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When you are in Kyoto, why not stay at a ryokan, a Japanese style inn? Ryokan offer comfortable facilities for relaxing while you enjoy delicious Kyoto cuisine and Japanese-style baths. Staying in a ryokan is a uniquely Japanese experience that is less expensive than you might think. For those looking to immerse themselves in a uniquely Japanese atmosphere, ryokan make an ideal choice. A stay at a one of these traditional inns is usually somewhat more expensive than that in a hotel, but is a refreshing and personal experience worth the extra expense. Two meals are included with each night's stay; dinner on the day one checks in and breakfast the following morning. These meals are often local specialties such as Kyoto's own Kaiseki Ryori (Traditional Japanese Cuisine), and are served to guests in their rooms by cordial and highly professional female staff known as “Nakai” (Room Maids). Nakai typically wear kimono and the quality of service during a Kaiseki Ryori meal as you relax upon the tatami floor of your room is one of the most memorable aspects of time spent in a traditional inn. The number of ryokan with private bathing facilities has increased, but common baths are the norm. In some cases the baths are filled with water pumped from a hot spring, or onsen. Yukata, a type of loose cotton kimono, are provided for guests in place of bath robes. Guests are free to wear the yukata throughout the ryokan. Bedding at a ryokan takes the form of a futon, which is a flat, foldable mattress without springs. Nakai prepare the futon in the evening while the guests are out. We recommend ryokan for a serene experience that allows one to experience Japanese life firsthand.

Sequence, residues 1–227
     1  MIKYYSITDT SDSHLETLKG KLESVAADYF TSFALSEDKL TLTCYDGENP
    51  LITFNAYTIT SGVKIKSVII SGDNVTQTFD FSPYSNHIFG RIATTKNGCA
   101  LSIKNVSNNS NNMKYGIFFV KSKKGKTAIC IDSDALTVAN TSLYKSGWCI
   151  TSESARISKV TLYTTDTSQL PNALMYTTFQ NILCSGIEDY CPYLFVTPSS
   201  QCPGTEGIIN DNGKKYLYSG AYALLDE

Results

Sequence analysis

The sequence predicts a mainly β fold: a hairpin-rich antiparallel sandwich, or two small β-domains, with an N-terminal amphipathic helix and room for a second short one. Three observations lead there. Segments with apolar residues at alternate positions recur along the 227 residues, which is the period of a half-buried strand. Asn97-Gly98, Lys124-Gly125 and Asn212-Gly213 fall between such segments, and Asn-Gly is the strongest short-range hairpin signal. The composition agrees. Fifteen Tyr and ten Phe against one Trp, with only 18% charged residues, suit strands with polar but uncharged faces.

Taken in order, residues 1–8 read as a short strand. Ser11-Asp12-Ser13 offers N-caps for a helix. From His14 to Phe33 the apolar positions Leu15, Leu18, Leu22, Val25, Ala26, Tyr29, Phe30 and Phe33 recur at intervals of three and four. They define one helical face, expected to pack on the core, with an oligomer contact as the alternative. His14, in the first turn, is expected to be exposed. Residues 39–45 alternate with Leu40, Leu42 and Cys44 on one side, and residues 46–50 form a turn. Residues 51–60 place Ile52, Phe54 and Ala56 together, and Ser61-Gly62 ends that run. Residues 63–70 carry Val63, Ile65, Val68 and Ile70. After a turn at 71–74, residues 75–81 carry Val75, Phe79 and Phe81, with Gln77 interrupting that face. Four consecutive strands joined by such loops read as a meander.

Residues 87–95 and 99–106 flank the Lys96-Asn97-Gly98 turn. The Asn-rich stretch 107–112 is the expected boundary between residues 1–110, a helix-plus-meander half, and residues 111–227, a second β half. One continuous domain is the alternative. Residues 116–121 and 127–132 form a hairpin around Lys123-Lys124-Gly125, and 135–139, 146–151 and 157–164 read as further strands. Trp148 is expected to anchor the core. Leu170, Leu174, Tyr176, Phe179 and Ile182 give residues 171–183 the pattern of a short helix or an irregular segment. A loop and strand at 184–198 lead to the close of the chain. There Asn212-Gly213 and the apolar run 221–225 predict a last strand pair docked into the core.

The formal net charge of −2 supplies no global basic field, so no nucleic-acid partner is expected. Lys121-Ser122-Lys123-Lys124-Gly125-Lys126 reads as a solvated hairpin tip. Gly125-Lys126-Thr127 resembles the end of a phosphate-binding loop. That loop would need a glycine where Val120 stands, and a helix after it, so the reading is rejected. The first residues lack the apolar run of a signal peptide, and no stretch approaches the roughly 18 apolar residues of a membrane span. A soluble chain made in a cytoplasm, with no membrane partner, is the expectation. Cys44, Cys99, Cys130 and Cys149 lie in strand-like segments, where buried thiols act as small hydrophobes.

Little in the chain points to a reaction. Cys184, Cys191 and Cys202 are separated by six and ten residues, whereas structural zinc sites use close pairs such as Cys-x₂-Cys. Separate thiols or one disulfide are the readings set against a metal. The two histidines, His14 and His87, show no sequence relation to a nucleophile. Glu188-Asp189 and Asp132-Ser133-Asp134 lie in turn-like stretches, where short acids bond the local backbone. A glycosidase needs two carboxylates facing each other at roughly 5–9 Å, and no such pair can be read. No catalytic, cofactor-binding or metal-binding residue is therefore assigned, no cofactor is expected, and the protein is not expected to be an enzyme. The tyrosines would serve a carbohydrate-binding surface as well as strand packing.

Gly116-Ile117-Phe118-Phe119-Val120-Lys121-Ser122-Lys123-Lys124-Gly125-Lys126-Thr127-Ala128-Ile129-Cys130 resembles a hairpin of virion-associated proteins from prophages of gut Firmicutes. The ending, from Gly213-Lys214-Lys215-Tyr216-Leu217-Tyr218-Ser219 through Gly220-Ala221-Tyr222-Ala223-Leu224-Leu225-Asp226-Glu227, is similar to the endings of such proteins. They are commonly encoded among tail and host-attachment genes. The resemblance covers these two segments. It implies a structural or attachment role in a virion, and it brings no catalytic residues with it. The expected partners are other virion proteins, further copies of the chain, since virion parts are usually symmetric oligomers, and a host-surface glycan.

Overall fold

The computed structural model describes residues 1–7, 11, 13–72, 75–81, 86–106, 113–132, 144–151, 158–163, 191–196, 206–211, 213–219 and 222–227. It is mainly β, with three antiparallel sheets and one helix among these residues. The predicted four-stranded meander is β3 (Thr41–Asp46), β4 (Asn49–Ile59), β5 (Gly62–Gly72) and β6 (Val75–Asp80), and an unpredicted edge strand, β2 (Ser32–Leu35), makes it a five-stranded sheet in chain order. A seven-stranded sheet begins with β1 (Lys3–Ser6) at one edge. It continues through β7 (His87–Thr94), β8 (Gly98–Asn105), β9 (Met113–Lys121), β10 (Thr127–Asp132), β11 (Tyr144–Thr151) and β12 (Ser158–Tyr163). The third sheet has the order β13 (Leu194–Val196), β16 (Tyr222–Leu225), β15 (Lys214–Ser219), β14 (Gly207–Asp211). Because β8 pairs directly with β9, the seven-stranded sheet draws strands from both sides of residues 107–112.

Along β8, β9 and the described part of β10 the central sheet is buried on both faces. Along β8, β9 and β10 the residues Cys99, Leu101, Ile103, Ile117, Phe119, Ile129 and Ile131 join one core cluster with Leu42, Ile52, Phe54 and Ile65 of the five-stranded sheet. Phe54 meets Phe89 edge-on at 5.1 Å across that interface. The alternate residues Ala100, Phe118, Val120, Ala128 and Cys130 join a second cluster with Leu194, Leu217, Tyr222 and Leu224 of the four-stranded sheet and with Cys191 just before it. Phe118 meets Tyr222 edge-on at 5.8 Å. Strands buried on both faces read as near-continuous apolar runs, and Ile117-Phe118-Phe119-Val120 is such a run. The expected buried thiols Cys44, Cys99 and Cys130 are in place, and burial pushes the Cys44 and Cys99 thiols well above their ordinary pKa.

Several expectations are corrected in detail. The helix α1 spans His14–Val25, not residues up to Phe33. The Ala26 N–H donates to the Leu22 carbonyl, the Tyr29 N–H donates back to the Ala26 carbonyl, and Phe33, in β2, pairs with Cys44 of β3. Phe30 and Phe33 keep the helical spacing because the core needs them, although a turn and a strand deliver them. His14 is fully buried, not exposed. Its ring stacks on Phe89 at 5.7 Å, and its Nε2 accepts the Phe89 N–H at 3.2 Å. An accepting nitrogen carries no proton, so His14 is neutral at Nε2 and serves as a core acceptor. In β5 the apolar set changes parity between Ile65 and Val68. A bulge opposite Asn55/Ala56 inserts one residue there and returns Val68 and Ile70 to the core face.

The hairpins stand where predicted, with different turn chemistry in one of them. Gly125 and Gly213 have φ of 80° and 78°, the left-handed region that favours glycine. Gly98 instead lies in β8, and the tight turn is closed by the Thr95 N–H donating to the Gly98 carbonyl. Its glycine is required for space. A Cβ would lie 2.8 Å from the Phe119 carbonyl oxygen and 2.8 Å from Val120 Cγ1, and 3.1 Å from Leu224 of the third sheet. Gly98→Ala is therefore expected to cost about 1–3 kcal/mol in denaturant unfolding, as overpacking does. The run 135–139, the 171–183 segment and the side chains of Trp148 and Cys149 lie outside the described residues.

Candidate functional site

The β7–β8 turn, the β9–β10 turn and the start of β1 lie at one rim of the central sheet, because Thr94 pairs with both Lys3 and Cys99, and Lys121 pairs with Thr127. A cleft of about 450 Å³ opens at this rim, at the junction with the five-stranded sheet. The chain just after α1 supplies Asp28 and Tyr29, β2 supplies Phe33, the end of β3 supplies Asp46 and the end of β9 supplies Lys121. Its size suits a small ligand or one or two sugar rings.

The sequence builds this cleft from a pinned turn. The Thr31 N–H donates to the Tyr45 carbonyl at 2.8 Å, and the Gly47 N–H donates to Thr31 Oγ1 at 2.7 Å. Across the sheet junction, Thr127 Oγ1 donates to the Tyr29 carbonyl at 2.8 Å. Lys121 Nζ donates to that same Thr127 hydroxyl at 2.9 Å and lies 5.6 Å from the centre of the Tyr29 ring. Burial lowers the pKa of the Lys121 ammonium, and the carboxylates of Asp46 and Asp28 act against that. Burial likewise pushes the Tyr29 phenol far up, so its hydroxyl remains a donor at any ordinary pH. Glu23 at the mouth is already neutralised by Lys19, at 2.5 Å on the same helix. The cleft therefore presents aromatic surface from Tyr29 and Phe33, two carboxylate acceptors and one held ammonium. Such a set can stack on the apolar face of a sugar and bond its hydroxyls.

Kyoto Accommodation Award 2018

Kyoto Accommodation Award

The City of Kyoto gives awards to "Accommodations Exemplifying the Essence of Kyoto" with the aim of improving safe lodging facilities that lead Japan's tourism development, and exist in harmony with the local community. The goal of these awards is the opening of still more appealing lodging facilities and the improvement of services at those that already exist.